Indonesia May Cut Rate
World Economy

Indonesia May Cut Rate

Indonesia’s annual inflation rate cooled to the lowest in six years in December, which might pave the way for the central bank to cut a benchmark rate held at 7.50% since February 2015.
High inflation has been one of the issues keeping Bank Indonesia from cutting its policy rates. Annual inflation topped 8% in December 2014, after a fuel price hike, and stayed above 6% most of 2015, Reuters reported.
The rate cooled to 3.35% in December, Indonesia’s statistics bureau said on Monday, from 4.89% in November. But it was higher than analysts’ forecast of 3% in a Reuters poll.
The December inflation rate will increase the chance that BI will reduce its benchmark rate to lift growth, which has fallen to its lowest level since 2009. BI’s January meeting is scheduled tentatively for Jan. 13 or 14, according to its website.
“There is indeed room for BI to cut rates,” said OCBC economist Wellian Wiranto in Singapore. “As long as global market sentiment remains relatively calm, we see it cutting by 25 basis points this month.”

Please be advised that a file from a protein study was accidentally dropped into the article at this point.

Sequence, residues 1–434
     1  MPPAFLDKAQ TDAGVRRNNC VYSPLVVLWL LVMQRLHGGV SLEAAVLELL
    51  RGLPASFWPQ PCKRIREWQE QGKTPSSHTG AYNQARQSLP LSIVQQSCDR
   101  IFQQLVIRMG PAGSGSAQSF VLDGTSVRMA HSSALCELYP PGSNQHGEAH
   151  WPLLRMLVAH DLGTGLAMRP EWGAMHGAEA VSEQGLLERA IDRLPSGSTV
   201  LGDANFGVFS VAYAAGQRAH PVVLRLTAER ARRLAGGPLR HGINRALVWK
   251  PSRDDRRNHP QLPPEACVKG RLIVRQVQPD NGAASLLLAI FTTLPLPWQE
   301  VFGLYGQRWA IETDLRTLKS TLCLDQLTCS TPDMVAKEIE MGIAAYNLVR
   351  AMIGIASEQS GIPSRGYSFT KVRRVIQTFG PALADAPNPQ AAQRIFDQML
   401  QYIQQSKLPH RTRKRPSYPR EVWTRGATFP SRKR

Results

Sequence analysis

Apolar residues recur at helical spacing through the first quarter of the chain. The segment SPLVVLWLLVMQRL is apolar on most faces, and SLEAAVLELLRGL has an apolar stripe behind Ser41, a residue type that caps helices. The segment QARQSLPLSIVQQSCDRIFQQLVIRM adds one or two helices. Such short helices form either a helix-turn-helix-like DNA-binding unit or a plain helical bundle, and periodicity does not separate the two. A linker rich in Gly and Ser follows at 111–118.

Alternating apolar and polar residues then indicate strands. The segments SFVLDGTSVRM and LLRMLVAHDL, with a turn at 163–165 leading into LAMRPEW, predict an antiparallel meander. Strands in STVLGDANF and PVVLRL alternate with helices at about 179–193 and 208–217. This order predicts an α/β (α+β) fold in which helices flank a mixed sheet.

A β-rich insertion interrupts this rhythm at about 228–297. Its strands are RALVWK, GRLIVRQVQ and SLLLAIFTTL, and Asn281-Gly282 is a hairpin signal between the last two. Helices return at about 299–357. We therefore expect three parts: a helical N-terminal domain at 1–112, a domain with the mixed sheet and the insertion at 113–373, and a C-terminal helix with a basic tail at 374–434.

On Dec. 17, when BI had a meeting right after the Federal Reserve raised US interest rates, it said the room to ease monetary policy was “more open”.
BI officials cited easing inflation, a shrinking current account deficit and less uncertainty in global markets after the first Fed hike in nearly a decade as factors improving the chance of easing. But they would not confirm when the rate would be cut.
The key is the rupiah, which was often fragile during 2015. In the last two weeks of the year, after the Fed hike, it gained about 2%. But it weakened 0.8% during intraday trading on Monday.
Gundy Cahyadi, economist at DBS, thinks BI will wait longer before cutting rates. “BI remains focused on managing volatility of the rupiah. Despite the rupiah recouping some ground at the end of 2015, the unit remains at the mercy of the broad USD tone for now.”
Even with eased inflation, “we don’t think that BI will jump the gun and rush to lower its policy rate as yet,” he said.
The central bank has relaxed some lending rules in 2015 in an effort to loosen monetary policy without moving key rates and jump start economic growth, expected at the slowest since 2009 for full-year 2015.

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